Israel is empowered, not just by the wind and the sun, but by the souls of every Jew who has ever lived and walked on this earth – and every Jew who ever will.

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Original Site of Shilo where the arc tabernacled for over 200 years- Samaria, Israel

Israel is the story of us – of where we come from, where we are and where we’re going. It is forever intertwined within, making it every bit a part of our future as well as our past – a pillar of our Jewish life. And it’s a story not just of pain and suffering and heartache and loss, but also one of triumph and joy and redemption. It is our light-house that guides us in a world of stormy seas and rough waters where the hailstones pelt down around us, against a canvass of darkness.

So when those around the world slander it, we will take it personally, because it is personal. When we talk of Israel, we don’t just talk about borders and lines and numbers, because Israel is not just a Wikipedia entry. We talk about it with emotion and with passion and with love and with feeling.

The State of Israel, like us, is not a perfect country, but which country is? Those imperfections are not the hallmark of a country gone wrong, but are instead the hallmarks of a country that is living and breathing and dynamic with a desire to always, always improve.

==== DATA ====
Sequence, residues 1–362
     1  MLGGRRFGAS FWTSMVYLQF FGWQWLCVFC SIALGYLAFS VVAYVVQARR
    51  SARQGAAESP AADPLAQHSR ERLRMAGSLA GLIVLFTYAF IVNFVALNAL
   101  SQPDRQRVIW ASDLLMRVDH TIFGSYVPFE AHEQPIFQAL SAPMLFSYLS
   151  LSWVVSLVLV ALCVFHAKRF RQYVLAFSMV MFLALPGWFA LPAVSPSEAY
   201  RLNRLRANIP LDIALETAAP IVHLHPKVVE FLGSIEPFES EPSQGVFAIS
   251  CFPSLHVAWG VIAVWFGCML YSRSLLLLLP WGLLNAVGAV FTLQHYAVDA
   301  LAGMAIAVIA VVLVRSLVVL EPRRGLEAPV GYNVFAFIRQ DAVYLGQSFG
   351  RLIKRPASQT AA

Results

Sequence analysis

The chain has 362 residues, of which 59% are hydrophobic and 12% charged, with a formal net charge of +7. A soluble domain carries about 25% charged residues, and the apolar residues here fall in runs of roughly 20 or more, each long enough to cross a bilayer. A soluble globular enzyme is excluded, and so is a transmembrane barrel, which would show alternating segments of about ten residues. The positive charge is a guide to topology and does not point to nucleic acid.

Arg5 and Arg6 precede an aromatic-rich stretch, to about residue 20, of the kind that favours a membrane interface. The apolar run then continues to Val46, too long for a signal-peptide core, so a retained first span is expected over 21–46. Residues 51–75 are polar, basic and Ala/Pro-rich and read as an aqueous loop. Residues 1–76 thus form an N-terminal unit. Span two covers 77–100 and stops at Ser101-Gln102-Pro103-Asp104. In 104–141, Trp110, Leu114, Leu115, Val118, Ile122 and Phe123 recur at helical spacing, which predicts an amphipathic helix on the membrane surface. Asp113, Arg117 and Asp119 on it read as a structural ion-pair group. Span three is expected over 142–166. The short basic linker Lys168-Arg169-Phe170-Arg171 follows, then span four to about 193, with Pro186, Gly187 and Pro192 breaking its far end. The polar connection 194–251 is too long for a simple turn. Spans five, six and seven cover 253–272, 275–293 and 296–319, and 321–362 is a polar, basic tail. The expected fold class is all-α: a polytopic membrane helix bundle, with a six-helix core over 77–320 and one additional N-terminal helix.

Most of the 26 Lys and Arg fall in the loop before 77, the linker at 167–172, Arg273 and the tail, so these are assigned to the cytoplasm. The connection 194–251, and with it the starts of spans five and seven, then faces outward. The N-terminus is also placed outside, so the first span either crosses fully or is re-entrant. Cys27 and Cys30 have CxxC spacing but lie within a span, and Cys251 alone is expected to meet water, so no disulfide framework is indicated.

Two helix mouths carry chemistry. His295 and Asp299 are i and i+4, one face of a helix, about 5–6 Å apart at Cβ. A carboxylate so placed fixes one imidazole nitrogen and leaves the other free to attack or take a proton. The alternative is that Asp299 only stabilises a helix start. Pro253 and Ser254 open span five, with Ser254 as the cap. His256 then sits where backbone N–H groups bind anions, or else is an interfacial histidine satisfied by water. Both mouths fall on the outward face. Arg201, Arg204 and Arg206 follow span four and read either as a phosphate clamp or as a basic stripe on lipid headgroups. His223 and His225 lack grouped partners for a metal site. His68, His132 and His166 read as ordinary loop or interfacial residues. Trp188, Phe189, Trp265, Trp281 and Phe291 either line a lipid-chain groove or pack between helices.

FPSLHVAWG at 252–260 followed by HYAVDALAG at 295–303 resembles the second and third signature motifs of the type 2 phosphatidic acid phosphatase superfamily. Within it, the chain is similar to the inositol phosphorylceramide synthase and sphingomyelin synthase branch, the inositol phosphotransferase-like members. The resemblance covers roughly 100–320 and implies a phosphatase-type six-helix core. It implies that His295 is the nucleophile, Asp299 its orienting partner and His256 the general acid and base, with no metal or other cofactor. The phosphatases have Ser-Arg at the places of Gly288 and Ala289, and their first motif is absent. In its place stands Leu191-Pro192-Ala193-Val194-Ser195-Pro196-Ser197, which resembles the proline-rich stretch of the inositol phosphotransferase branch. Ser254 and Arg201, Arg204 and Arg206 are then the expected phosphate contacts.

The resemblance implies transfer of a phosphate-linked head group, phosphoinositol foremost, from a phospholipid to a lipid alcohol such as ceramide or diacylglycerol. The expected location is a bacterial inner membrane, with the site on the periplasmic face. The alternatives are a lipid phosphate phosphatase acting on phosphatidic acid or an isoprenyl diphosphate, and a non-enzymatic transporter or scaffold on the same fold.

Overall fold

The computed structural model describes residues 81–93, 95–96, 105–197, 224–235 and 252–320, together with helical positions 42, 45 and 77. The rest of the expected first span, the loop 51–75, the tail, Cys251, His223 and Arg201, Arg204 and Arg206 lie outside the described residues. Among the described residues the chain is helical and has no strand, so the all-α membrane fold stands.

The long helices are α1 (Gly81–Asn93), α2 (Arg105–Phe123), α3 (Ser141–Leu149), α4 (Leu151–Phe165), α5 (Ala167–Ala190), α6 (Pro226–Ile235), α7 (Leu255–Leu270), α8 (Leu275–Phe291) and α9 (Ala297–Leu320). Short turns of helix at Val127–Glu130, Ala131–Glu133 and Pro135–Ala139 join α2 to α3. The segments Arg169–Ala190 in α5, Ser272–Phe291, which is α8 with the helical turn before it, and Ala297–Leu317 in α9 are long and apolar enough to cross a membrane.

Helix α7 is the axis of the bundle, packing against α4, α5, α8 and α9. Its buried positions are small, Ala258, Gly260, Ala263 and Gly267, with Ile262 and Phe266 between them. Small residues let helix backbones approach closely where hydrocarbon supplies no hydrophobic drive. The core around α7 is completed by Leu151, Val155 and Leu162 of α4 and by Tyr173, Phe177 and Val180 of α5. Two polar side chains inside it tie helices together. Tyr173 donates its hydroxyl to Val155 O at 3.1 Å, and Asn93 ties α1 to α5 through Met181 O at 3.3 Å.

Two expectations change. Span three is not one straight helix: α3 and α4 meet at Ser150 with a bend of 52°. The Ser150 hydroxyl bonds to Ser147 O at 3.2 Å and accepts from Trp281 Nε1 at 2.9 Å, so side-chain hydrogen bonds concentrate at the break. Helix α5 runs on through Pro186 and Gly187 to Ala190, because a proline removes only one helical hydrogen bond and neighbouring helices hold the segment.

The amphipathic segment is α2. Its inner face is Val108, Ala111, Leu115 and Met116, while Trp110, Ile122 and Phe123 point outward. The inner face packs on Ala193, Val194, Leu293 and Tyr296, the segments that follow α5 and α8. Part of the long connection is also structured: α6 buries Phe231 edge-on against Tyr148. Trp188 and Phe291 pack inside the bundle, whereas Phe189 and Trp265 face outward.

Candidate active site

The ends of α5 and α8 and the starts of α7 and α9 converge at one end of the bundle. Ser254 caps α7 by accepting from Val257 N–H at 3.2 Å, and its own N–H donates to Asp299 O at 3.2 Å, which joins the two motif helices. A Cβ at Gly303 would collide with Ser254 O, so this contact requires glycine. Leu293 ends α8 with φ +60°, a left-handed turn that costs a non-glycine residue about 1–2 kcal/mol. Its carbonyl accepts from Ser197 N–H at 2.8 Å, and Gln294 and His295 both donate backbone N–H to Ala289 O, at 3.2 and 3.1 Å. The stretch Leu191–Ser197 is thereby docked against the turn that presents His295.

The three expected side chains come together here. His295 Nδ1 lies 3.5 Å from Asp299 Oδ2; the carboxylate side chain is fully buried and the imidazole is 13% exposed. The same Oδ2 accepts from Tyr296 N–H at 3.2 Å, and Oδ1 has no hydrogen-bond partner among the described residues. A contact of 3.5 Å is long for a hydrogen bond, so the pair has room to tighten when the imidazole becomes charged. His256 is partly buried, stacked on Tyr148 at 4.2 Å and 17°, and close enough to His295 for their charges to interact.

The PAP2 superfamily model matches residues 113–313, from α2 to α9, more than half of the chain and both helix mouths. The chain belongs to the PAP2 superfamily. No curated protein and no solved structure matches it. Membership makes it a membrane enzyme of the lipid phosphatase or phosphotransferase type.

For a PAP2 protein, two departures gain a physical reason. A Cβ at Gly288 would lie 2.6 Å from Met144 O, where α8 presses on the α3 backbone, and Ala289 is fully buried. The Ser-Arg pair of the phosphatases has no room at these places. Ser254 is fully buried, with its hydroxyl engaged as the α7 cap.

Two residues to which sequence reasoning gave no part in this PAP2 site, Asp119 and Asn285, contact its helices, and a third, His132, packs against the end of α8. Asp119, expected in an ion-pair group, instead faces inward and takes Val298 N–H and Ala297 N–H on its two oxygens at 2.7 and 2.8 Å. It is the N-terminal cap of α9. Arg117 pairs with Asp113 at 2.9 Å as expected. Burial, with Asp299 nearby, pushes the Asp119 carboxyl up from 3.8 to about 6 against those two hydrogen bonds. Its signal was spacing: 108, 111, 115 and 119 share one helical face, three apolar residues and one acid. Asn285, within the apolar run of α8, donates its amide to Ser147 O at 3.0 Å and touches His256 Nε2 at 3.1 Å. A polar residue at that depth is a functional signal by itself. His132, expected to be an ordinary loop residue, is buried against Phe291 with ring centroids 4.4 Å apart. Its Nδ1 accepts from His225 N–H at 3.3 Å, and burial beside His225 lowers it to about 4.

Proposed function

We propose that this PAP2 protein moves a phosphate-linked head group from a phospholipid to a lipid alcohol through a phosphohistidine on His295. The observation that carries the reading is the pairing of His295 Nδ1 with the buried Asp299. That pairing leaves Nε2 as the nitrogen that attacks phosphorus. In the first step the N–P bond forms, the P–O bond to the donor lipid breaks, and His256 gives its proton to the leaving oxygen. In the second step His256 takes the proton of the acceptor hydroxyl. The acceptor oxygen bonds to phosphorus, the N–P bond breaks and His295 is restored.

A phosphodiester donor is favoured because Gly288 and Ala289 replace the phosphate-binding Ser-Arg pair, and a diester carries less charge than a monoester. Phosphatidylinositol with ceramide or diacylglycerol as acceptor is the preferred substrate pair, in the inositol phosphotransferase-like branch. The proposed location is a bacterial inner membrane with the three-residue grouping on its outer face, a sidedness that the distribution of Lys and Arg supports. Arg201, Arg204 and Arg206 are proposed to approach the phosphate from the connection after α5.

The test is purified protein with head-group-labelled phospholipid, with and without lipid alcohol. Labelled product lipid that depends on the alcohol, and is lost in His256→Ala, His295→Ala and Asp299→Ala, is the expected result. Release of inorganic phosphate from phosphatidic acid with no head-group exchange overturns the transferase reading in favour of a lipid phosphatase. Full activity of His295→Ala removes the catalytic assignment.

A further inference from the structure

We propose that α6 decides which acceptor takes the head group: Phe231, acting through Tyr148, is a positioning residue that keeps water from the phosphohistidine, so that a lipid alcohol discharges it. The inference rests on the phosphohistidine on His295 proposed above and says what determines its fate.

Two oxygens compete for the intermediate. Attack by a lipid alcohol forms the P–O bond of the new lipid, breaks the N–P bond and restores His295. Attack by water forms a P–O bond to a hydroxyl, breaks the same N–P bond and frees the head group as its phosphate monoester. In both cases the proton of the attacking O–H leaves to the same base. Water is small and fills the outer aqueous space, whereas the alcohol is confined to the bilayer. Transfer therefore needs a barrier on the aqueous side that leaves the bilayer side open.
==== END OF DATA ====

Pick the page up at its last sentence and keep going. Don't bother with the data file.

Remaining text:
Jews should feel exceptionally lucky in this world, because whatever disaster might befall our people, such as the tragedy of the refugees we are witnessing today, our country of Israel – the only Jewish one in the world, will never abandon us and reject us no matter our background, no matter where we’re from and no matter the cost or the burden.

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And that is also why, although Israel has citizens of all religions with full rights – as they should rightly have, it remains undeniably a Jewish country with a Jewish spirit – and must always remain so.

Israel is the story of all of us – and it always has been. It is our physical and spiritual home. And the years apart did not cause that link to sever. Time did not cause our memories to fade. Conflict did not cause us to grow weary. Distance did not weaken our hold. And the constant bombardment from those opposed to our existence, did not cause our resolve to shake or to shudder – because our grip is strong and will never be loosened again.

Israel is the living proof that no task – no matter how daunting – is unachievable. And no obstacle, no matter how high, cannot be overcome.

When we say Am Yisrael Chai, we don’t just mean that the nation of Israel lives for this time – we mean that the nation of Israel lives for all time.

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Justin Amler is a South African born, Melbourne based columnist who has lived in South Africa, New Zealand and Australia and is currently working in the Information Technology industry. He is a regular contributor to international publications, including the Jerusalem Post and the Times of Israel. Justin is also a valued Israel Forever blogger, writing about his connection to the Jewish state. You can reach Justin on Twitter, Facebook and through Google+.